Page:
Multiple Temporary Tablespaces
Multiple Temporary Tablespaces
Using tablespace groups:-
It contains at least one tablespace. There is no explicit limit on the maximum number of tablespaces that are contained in a group.
- It shares the namespace of tablespaces, so its name cannot be the same as any tablespace.
- You can specify a tablespace group name wherever a tablespace name would appear when you assign a default temporary tablespace for the database or a temporary tablespace for a user.
You do not explicitly create a tablespace group. Rather, it is created implicitly when you assign the first temporary tablespace to the group. The group is deleted when the last temporary tablespace it contains is removed from it.
Using a tablespace group, rather than a single temporary tablespace, can alleviate problems caused where one tablespace is inadequate to hold the results of a sort, particularly on a table that has many partitions. A tablespace group enables parallel execution servers in a single parallel operation to use multiple temporary tablespaces.
The view dba_tablespace_groups lists tablespace groups and their member tablespaces.
Creating a tablespace group:-
You create a tablespace group implicitly when you include the tablespace group clause in the create temporary tablespace or alter tablespace statement and the specified tablespace group does not currently exist.
For example, if neither group1 nor group2 exists, then the following statements create those groups, each of which has only the specified tablespace as a member:
Sql>create temporary tablespace lmtemp2 tempfile ‘/u02/oracle/data/lmtemp201.dbf’ size 50m tablespace group group1;
Sql>alter tablespace lmtemp tablespace group group2;
Changing members of a tablespace group:-
You can add a tablespace to an existing tablespace group by specifying the existing group name in the tablespace group clause of the create temporary tablespace or alter tablespace statement.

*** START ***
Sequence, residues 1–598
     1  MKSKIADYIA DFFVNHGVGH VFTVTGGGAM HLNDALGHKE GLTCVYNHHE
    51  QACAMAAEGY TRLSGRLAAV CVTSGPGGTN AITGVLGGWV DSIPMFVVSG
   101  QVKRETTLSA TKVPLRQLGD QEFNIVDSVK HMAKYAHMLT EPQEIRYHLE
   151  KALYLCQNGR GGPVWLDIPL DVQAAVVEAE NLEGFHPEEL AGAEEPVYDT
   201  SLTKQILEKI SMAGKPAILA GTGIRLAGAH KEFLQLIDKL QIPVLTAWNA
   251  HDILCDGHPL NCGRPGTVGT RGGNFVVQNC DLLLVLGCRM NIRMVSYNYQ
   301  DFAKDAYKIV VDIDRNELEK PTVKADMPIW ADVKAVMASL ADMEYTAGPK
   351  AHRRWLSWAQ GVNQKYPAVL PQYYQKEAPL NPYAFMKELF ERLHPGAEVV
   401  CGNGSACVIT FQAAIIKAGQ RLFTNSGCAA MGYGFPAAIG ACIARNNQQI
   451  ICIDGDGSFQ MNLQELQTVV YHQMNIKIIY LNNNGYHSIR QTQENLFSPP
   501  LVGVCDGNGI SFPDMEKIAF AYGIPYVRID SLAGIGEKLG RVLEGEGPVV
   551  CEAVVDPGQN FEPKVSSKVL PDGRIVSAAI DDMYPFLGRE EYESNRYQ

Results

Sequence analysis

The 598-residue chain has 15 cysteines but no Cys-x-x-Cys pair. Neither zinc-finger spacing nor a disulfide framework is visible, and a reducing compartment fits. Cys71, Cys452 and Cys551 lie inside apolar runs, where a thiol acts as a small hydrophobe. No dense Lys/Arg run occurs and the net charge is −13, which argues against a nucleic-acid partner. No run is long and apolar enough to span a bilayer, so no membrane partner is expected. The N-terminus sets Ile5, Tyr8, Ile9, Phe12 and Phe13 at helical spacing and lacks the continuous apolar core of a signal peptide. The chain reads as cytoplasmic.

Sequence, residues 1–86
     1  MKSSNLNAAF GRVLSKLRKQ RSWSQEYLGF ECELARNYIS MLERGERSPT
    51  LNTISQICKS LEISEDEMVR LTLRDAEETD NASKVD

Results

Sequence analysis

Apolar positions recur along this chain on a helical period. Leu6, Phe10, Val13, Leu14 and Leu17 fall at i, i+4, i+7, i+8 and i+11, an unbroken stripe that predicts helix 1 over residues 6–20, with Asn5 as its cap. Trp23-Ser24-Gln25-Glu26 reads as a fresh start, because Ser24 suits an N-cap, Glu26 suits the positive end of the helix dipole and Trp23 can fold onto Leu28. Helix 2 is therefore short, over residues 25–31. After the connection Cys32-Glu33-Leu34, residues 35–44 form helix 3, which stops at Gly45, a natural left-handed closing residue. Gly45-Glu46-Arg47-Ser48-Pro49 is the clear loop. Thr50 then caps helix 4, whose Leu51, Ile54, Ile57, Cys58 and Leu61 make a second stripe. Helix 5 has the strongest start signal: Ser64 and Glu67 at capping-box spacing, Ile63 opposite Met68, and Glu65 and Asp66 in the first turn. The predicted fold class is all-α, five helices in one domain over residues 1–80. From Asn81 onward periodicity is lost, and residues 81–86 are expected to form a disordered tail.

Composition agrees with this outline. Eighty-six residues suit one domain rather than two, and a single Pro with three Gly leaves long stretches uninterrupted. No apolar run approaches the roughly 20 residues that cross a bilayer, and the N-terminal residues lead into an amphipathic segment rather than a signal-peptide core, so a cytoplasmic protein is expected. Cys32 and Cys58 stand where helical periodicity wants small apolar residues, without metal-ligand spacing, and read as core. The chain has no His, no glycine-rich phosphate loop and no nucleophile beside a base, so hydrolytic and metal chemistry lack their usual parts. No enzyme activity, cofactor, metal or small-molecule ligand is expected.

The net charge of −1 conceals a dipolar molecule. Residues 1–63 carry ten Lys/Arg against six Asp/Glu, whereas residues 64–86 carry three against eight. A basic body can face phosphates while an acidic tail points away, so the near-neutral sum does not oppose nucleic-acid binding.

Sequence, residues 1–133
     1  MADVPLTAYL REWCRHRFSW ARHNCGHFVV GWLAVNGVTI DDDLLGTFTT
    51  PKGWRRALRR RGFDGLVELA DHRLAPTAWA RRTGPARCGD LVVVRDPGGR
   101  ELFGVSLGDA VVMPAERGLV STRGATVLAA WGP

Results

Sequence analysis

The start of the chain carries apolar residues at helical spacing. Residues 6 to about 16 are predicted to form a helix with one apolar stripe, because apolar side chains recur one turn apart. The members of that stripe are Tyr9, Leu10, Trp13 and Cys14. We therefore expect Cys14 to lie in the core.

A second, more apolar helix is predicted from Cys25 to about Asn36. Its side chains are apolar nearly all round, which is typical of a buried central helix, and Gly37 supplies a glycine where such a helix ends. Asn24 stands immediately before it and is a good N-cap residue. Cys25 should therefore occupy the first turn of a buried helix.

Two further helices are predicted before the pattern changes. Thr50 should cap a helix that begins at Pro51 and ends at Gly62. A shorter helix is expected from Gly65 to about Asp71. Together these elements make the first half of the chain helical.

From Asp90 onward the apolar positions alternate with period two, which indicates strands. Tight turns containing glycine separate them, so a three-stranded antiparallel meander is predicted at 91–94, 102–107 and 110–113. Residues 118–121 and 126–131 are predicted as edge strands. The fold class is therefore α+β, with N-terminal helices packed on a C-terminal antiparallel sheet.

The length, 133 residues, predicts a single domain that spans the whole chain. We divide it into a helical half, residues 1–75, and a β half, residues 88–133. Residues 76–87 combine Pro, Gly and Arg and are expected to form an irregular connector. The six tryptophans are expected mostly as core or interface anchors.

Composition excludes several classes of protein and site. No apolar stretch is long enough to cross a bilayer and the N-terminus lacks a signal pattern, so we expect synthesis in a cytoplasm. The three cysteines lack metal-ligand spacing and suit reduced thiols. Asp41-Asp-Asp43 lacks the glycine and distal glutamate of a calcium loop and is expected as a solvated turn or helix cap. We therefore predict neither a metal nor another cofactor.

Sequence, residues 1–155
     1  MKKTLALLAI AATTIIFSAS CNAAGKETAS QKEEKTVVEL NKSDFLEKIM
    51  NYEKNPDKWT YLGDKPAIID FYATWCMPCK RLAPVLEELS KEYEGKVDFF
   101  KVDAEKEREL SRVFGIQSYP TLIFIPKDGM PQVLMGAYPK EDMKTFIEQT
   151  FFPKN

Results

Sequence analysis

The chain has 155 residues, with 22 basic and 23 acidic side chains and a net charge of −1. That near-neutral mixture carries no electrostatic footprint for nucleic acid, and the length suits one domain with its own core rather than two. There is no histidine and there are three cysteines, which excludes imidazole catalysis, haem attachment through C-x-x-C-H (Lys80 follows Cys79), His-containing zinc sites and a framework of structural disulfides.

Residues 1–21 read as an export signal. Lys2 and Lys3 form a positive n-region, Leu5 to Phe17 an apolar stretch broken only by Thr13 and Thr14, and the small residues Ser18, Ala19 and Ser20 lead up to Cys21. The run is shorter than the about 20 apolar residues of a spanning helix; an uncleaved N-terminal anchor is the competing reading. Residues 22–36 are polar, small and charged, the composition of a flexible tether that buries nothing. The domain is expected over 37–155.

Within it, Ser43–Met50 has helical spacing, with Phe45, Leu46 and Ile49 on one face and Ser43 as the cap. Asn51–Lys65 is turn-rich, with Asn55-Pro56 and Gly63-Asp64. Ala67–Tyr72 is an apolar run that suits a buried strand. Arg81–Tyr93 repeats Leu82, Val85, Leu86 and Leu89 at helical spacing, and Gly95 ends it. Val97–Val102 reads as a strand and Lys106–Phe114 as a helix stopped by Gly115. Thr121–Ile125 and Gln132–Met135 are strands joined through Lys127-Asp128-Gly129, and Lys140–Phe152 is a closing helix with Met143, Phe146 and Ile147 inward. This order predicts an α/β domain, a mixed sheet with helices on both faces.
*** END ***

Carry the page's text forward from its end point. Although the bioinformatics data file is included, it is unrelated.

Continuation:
The following statement adds a tablespace to an existing group. It creates and adds tablespace lmtemp3 to group1, so that group1 contains tablespaces lmtemp2 and lmtemp3.
Sql>create temporary tablespace lmtemp3 tempfile ‘/u02/oracle/data/lmtemp301.dbf’ size 25m tablespace group group1;
The following statement also adds a tablespace to an existing group, but in this case because tablespace lmtemp2 already belongs to group1, it is in effect moved from group1 to group2:
Sql>alter tablespace lmtemp2 tablespace group group2;
Now group2 contains both lmtemp and lmtemp2, while group1 consists of only tmtemp3.
You can remove a tablespace from a group as shown in the following statement:
Sql>alter tablespace lmtemp3 tablespace group ”;
Tablespace lmtemp3 no longer belongs to any group. Further, since there are no longer any members of group1, this results in the implicit deletion of group1.
Assigning a tablespace group as the default temporary tablespace:-
Use the alter database…defaulttemporarytablespace statement to assign a tablespace group as the default temporary tablespace for the database. For example:
Sql>alter database sample default temporary tablespace group2;
Any user who has not explicitly been assigned a temporary tablespace will now use tablespaces lmtemp and lmtemp2.
If a tablespace group is specified as the default temporary tablespace, you cannot drop any of its member tablespaces. You must first remove the tablespace from the tablespace group. Likewise, you cannot drop a single temporary tablespace as long as it is the default temporary tablespace.
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